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According to wikipedia:

Seems like TLS is a replacement to SSL, but most websites are still using SSL?

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"most websites are still using SSL". Here's a good survey of protocol support – Colonel Panic Dec 12 '14 at 10:56
up vote 31 down vote accepted

In short, TLSv1.0 is more or less SSLv3.1. You can find more details in this question on ServerFault.

Most websites actually support both SSLv3 and TLSv1.0 at least, as this study indicates (Lee, Malkin, and Nahum's paper: Cryptographic Strength of SSL/TLS Servers: Current and Recent Practices, IMC 2007) (link obtained from the IETF TLS list). More than 98% support TLSv1+.

I think the reason why SSLv3 is still in use was for legacy support (although most browsers support TLSv1 and some TLSv1.1 or even TLSv1.2 nowadays). Until not so long ago, some distributions still had SSLv2 (considered insecure) on by default along with the others.

(You may also find this question interesting, although it's about the usage pattern of TLS rather than SSL vs. TLS (you could in fact have the same pattern with SSL). This does not apply to HTTPS anyway, since HTTPS uses SSL/TLS from the beginning of the connection.)

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In the early 90’s, at the dawn of the World Wide Web, some engineers at Netscape developed a protocol for making secure HTTP requests, and what they came up with was called SSL. Given the relatively scarce body of knowledge concerning secure protocols at the time, as well the intense pressure everyone at Netscape was working under, their efforts can only be seen as incredibly heroic. It’s amazing that SSL has endured for as long as it has, in contrast to a number of other protocols from the same vintage. We’ve definitely learned a lot since then, though, but the thing about protocols and APIs is that there’s very little going back.

There were two major updates to the SSL protocol, SSL 2 (1995) and SSL 3 (1996). These were carefully done to be backwards compatible, to ease adoption. However backwards compatibility is a constraint for a security protocol for which it can mean backwards vulnerable.

Thus it was decided to break backwards compatiblity, and the new protocol named TLS 1.0 (1999). (In hindsight, it might have been clearer to name it TLS 4)

The differences between this protocol and SSL 3.0 are not dramatic, but they are significant enough that TLS 1.0 and SSL 3.0 do not interoperate.

TLS has been revised twice, TLS 1.1 (2006) and TLS 1.2 (2008).

As of 2015, all SSL versions are broken and insecure (the POODLE attack) and browsers are removing support. TLS 1.0 is ubiquitous, but only 60% of sites support TLS 1.1 and 1.2, a sorry state of affairs.

If you're interested in this stuff, I recommend Moxie Marlinspike's clever and funny talk at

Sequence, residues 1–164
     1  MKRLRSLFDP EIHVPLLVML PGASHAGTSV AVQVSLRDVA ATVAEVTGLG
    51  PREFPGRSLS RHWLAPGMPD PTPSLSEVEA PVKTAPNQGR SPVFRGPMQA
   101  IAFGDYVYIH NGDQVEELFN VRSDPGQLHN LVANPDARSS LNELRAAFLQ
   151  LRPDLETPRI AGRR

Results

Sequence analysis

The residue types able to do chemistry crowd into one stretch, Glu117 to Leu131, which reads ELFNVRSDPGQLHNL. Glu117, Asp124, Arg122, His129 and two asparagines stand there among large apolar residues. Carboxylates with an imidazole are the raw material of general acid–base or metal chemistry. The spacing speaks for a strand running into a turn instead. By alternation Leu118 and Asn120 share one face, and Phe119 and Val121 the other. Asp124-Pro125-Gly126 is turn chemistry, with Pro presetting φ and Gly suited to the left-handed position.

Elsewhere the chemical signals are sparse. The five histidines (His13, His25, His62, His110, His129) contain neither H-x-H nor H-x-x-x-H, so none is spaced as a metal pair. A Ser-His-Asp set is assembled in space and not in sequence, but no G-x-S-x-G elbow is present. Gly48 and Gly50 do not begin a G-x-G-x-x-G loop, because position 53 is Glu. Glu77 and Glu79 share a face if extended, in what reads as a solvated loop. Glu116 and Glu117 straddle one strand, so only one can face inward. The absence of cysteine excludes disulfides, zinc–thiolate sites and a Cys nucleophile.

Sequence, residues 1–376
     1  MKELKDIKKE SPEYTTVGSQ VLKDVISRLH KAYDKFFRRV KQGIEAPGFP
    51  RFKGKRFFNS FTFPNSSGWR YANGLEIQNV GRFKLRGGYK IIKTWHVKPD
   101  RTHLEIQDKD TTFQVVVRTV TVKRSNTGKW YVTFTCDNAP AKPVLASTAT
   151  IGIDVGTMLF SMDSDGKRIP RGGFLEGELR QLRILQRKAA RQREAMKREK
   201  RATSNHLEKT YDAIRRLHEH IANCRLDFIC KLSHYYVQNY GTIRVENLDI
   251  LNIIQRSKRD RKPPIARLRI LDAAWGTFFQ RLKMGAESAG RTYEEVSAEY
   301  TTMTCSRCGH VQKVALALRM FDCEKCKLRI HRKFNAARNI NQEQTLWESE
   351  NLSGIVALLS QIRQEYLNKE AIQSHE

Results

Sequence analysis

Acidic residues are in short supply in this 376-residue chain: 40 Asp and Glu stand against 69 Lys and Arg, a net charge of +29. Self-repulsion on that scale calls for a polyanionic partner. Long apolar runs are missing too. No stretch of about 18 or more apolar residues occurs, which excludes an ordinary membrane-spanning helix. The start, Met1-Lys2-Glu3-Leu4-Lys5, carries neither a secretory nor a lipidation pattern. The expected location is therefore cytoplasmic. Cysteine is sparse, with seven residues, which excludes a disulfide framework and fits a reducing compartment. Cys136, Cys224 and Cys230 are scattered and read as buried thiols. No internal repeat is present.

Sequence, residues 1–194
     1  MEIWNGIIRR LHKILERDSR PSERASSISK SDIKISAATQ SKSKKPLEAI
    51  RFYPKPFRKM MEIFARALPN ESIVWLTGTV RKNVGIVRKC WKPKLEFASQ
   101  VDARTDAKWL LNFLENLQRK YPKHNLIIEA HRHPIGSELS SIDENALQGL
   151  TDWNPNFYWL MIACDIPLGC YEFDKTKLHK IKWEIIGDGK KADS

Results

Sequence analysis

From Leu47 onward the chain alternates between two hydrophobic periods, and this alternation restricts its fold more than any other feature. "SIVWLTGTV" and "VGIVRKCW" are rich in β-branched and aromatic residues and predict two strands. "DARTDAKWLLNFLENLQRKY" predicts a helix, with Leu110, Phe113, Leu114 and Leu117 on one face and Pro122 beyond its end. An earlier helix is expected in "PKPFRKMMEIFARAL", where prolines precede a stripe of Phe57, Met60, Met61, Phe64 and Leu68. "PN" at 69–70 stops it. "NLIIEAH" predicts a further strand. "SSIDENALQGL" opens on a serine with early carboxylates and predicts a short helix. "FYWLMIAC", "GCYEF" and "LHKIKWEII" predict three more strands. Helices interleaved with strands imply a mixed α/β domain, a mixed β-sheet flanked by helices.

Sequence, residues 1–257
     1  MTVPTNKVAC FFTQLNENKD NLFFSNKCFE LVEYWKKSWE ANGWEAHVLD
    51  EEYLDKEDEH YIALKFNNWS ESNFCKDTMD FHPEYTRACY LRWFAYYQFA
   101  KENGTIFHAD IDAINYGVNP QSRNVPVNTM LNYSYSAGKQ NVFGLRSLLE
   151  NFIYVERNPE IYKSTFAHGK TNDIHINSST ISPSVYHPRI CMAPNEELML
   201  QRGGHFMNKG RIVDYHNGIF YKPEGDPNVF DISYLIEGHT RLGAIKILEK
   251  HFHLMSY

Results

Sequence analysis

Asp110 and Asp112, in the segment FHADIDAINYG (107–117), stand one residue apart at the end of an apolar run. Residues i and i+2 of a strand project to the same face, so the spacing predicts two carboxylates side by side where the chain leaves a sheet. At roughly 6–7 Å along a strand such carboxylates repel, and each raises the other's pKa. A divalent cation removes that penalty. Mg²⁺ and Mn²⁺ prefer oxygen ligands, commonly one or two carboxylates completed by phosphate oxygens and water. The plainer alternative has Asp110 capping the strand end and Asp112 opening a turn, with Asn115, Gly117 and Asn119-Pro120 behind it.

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I remember a Usenet news:comp.sources.unix posting called Secure Sockets Layer in the late 1980s. I doubt it has much if any relationship with what Netscape did other than the name. – EJP Nov 27 '13 at 22:29

tls1.0 means sslv3.1

tls1.1 means sslv3.2

tls1.2 means sslv3.3

the rfc just changed the name, you could find tls1.0's hex code is 0x0301, which means sslv3.1

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"If it ain't broken, don't touch it". SSL3 works fine in most scenarios (there was a fundamental flaw found in SSL/TLS protocol back in October, but this is a flaw of applications more than of a procol itself), so developers don't hurry to upgrade their SSL modules. TLS brings a number of useful extensions and security algorithms, but they are handy addition and not a must. So TLS on most servers remains an option. If both server and client support it, it will be used.

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No, this is a protocol flaw, and developers should upgrade their SSL stacks. This being said, there are guidelines for using the renegotiation extension in RFC 5746 for SSLv3, in addition for the ones for TLS. – Bruno Sep 12 '10 at 1:02
If you kill somebody with the knife, this is not knife's flaw, but the one of your brain. Same here. If the protocol was used in the way it was not designed for, it's not a flaw of the protocol. – Eugene Mayevski 'EldoS Corp Sep 12 '10 at 12:37
The protocol was designed in a way that application on top of it should treat it as a normal socket as much as possible. The renegotiation issue, without the new extension, forces awareness by the application layer (e.g. HTTP). There is an interested thread on this topic on the IETF TLS mailing list: – Bruno Sep 12 '10 at 22:51
I agree some of it should be done at the application level, but I'm not aware of any implementation and protocol takes that into account. The stacks can usually cope with renegotiation that they initiate legitimately, but not so much if a MITM initiates it (which is the problem). That's why the IETF TLS group chose to fix it at the TLS level, and that's also why people really should switch on that extension, or disable renegotiation altogether. – Bruno Sep 13 '10 at 9:33
There are more fundamental issue in SSL 3.0 than the one you mention. E.g., CBC padding oracle, as well as the re-use of the IV or the previous record. The former still plagues TLS but can be worked-around, while the latter is fixed on TLS 1.1. – Nikos Nov 24 '13 at 11:15

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